Getting acquainted Activities:

Getting acquainted Activities High Five Circle talk. (Good morning, my name is --------. What is your name?” Matching game

Substitution Drills:

Substitution Drills I He We You They She should b etter go run work do it look speak quickly quietly slowly carefully at once properly

2: Communicative Practice: (a) Information-gap activities:

2: Communicative Practice: (a) Information-gap activities Compare 2 activities: Activity A

(b) Dialogues and role-plays:

(b) Dialogues and role-plays Two problems with most dialogues in textbooks: Not authentic or natural. The natural speech of native speakers is often phrases or sentence fragments full of pauses, false starts, and repetitions. The way most dialogues are taught. Teachers ask students to memorize dialogues by heart.

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What can a teacher do to make a dialogue more communicative? Example 1 : Playing the roles in a dialogue

Step 1. Practise the dialogue in pairs:

Step 1. Practise the dialogue in pairs A: What time is it? B: It ’ s 3:00 . Why? A: Oh, I need to go to the store ! Do you want to come? B: OK. Just a minute. I need to finish this first .

Step 2. Ask a few pairs to perform the dialogue in front of the whole class, speaking in different moods such as happy, irritated, bored, or in different role relationships such as parent and a child, husband and wife, two friends, etc. :

Step 2. Ask a few pairs to perform the dialogue in front of the whole class, speaking in different moods such as happy, irritated, bored, or in different role relationships such as parent and a child, husband and wife, two friends, etc. The students may substitute the underlined parts: “go to the post office”, “go to the bank”, etc. instead of “ go to the store ”. “find my jacket/shoes”, etc. instead of “ finish this first ”.

Example 2: Using cue cards :

Example 2 : Using cue cards Card A You are talking to a new classmate. Begin the conversation with a greeting. 1. Greet your partner. 2. Ask your partner which school he/she went to before. 3. Ask your partner if he/she lives near the school. 4. Suggest you go shopping together after school.

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Card B You are a new student at this school. One of your classmates greets you. 1. Greet your partner back. 2. Answer the question. 3. Answer the question. 4. Respond to the suggestion.

Then students should be ready to move quickly into less controlled types of role plays, where only the situation and the relationship between the two speakers are specified: :

Then students should be ready to move quickly into less controlled types of role plays , where only the situation and the relationship between the two speakers are specified: Card A You and your friend are going out to eat lunch. You need to decide where to go. You would like to try something different because you ’ re tired of the same food. You make a suggestion.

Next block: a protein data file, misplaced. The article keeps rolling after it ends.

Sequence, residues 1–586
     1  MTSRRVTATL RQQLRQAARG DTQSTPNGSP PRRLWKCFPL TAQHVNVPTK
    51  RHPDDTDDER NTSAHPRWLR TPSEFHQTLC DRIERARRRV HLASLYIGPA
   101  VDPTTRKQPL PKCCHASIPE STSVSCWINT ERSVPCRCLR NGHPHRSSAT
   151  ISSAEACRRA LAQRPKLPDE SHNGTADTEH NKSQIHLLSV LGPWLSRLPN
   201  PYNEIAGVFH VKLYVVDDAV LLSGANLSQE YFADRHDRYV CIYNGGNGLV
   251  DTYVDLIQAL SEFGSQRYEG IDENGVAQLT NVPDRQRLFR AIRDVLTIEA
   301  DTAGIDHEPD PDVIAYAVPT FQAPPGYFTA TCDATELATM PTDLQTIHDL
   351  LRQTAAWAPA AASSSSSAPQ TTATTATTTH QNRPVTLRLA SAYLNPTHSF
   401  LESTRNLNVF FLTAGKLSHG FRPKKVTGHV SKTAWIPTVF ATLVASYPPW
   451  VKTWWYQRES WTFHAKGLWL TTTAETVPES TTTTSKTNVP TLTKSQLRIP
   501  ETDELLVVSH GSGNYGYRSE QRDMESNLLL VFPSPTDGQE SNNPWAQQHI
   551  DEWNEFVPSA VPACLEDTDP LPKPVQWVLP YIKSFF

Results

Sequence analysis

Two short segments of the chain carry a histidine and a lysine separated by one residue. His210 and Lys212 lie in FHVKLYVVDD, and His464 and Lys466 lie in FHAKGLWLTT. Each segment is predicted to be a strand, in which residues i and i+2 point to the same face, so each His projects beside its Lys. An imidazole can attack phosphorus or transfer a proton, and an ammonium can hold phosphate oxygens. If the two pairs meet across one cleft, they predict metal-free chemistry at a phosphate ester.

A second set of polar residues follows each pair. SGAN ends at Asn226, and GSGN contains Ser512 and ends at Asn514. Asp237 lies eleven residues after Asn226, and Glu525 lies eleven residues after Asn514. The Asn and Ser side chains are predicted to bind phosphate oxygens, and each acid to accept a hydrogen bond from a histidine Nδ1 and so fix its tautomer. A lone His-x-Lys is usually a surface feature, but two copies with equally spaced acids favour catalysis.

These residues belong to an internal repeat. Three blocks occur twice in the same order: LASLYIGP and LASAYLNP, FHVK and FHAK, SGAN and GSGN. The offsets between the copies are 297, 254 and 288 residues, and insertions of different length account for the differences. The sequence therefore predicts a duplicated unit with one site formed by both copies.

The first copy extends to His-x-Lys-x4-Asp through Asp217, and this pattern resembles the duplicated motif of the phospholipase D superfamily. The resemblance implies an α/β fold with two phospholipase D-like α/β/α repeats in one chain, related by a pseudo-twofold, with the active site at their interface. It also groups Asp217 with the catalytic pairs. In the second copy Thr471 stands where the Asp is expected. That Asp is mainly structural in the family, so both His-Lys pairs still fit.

Notice that the outcome of this role play is not specified in the cue cards. It only sets up a point of disagreement. :

Notice that the outcome of this role play is not specified in the cue cards. It only sets up a point of disagreement. Card B You and your friend are going out to eat lunch. You need to decide where to go. You would like to go to the place where you always go, because you like the food. You don ’ t agree with your friend ’ s suggestion.

Factors that affect the success of role-plays (Ur, 1996:133) :

Factors that affect the success of role-plays (Ur, 1996:133) Teacher ’ s enthusiasm; Careful instructions; Clear situation and roles; Making sure that the students have the language they will need to carry out the role-play.

. :

. (c) Activities using Pictures The teacher can use pictures at the primary level for just descriptions. She can give the students structures to be used with a word bank. Describe what you see in the picture using “there is/are….” you can take help from the words given below. Pears, bananas, milk bottles, curtains, cupcakes etc

Activities using Pictures:

Activities using Pictures Later the teacher can use pictures for narrating stories in past tense. Asking students for their opinions and evaluation, deriving morals etc. She can make it one line each story too if she wants it to be a chain story.

Activities using pictures:

Activities using pictures

In pairs: (Littlewood 1981: 23-4):

In pairs: ( Littlewood 1981: 23-4)

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Activity B : Use two variations of the same pictures, and give each student a different picture. Ask them not to show each other their picture. Tell them there are certain differences in the two they have to find out by discussing the details of the picture.

(d) Problem-solving activities:

(d) Problem-solving activities You are on a committee that is in charge of deciding what to do with a small amount of money that has been donated to improve your school. You have a list of things to do, but you only have enough money for 5 of the items . You must reach a consensus (agreement) in your group on which 5 items you will spend the money. Here is the list:

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Repaint 3 classrooms. Paint lines for games on the playground. Install lights that automatically turn off to save electricity. Buy curtains for 8 classrooms. This will make it easier to see the OHP (Overhead Projector) when the room is darker. Buy sound absorption panels for 2 classrooms. This will make the classroom quieter so it will be easier to hear each other. Buy an air conditioner for one classroom. Buy 4 new basketball hoops for the playground. Buy 15 young trees to be planted for shade around the edge of the playground. Buy fans for 6 classrooms. Remodel bathroom faucets so students can wash their hands using hot and cold water. Add soap dispensers and hand dryers to bathrooms .